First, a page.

In 1968, the Triumph Stag and various other shadowy prototypes were eclectic survivors in the new BLMC stable.

At the time, marque plans were being fiercely guarded and nurtured by previously-independent operations recently joined in an uneasy merger.

But the speedy, far-reaching model rationalisation that should have followed never quite happened, allowing the Stag project to develop and flourish.

The 45th anniversary of the car’s 1970 launch invites a look back at the career of one man central to Triumph’s 1960’s success and who, almost accidentally, provided the Stag’s launch pad.

For, despite its looks in production form, the car was neither a clever marketing initiative or a natural development of an existing Triumph dreamed up in a now long-demolished Canley corridor. If the Stag has an evolutionary background, it’s in Turin, not Coventry.

Giovanni Michelotti was born in 1921, the son of an engine machine shop foreman. At 16 years old, he was an apprentice at Carozzeria Farina, gaining experience before and after the war in the marriage of skilled coach-building craft with gloriously artistic style.

His first major project was the Alfa Romeo 6C 2500, built  by Farina in small quantities in 1947, after which it was a natural progression to establish his own styling and prototyping operation – Studio Technico e Carrozzeria G. Michelotti, Torino. By 1949, he was a consultant to several top Italian studios of the time, amongst them Allemano, Ghia, Bertone, and Vignale.

Folklore suggests that a chance meeting with Triumph’s design chief Harry Webster in the mid-1950’s led to Michelotti’s involvement in the styling of a long succession of Standard Triumph production cars.

The first of these was the 1956 Vanguard saloon, alongside work on the semi-official Triumph Italia 2000 coupé, made in limited numbers by Vignale.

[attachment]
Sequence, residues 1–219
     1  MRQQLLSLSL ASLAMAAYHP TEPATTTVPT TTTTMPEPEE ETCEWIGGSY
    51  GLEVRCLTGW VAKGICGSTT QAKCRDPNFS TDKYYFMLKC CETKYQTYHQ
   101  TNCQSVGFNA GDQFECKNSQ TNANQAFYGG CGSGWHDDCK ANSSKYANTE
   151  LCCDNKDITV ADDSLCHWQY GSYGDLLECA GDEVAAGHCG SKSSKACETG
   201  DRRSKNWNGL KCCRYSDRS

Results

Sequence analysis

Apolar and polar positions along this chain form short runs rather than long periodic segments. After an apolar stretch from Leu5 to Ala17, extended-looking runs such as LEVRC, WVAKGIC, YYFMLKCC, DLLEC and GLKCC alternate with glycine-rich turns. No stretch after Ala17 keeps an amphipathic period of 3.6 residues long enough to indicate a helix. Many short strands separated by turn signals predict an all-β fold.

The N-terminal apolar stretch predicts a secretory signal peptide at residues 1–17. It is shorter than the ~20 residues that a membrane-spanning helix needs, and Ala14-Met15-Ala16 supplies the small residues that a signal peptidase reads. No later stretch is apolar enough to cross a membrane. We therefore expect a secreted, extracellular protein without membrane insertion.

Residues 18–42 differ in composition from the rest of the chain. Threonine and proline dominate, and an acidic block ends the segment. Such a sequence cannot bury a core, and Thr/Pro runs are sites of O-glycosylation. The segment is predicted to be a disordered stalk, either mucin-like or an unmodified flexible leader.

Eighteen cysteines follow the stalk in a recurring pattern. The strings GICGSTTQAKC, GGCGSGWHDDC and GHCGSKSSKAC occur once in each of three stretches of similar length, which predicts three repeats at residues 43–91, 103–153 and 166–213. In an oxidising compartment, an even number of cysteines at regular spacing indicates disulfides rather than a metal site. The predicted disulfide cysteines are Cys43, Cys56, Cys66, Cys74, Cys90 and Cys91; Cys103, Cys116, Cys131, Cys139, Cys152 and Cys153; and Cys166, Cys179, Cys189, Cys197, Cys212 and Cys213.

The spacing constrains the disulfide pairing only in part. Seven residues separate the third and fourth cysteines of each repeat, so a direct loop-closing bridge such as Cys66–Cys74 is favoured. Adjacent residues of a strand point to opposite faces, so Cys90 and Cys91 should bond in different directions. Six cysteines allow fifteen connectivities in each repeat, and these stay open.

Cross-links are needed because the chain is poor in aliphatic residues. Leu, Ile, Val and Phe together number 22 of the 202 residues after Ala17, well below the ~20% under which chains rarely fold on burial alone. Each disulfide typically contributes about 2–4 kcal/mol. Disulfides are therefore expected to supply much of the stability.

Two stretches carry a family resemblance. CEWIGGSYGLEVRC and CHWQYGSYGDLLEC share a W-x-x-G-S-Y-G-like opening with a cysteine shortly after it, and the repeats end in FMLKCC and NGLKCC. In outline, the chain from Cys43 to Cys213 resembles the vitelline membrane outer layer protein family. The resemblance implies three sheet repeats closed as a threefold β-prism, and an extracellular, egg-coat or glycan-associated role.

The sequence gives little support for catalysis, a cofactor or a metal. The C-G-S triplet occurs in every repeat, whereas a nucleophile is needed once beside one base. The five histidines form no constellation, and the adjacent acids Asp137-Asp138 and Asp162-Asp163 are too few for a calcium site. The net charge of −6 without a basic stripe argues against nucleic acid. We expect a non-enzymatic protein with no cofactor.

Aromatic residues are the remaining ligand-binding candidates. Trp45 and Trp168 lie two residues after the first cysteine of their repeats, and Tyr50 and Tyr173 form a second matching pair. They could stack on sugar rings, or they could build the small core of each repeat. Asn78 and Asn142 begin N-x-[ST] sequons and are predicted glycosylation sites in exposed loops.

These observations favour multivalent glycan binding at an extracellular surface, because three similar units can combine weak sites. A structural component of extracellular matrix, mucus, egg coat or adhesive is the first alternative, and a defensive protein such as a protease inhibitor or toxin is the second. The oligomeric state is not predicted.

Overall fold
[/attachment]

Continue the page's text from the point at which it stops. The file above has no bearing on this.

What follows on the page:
Michelotti also sketched Project Zobo, which emerged in 1959 as the stylish Triumph Herald, a simple but effective design embracing saloon, convertible, coupé, estate and van formats. After this, almost all Triumph’s 1960’s and 1970’s products drew upon the Michelotti magic. The Herald line developed to include the Vitesse, the Spitfire and its six- cylinder hard-top relation the GT6.

The flowing lines of the TR4 and TR5 followed, along with a sequence of  four-door 1300, 1500, Toledo, Dolomite and 2000 and 2500 saloons. After the Herald, the only Triumph cars where Michelotti was not involved were the Acclaim, and development of the TR5 into TR6, which was the work of Karmann.  

Though its finalised style suggests otherwise, the Stag was not directly conceived as part of the Triumph 2000 saloon family. It was initially created by Michelotti as a concept car for the 1966 Turin Motor show – and hastily acquired by Triumph in their search for promising designs suitable for the US market.

It then underwent extended development, which continued through the 1968 BLMC merger to a public launch in 1970.  

As with all the great stylists, Michelotti came up with several Triumph designs which never reached production, but may well have influenced other projects.

Amongst them was the mid 1960’s Fury, a monocoque-design, Triumph 2000 based roadster in the style of a larger Spitfire, and the Lynx, seen at various times as a potential GT6 or Stag replacement. Even today marque aficionados still discuss the relative significance of these two concepts in the Stag’s evolution.

Another stillborn project was the Bullet, Triumph’s planned TR6 follow-up. This was abandoned when BLMC chose to pursue themes and styling cues developed by BLMC designer Harris Mann for Zanda, a 1969 promotional show car which made use of early computer aided design techniques.

This led to the initially controversial hardtop TR7 and TR8 – and here Michelotti returned for his final Triumph project, penning these cars’ soft top derivatives.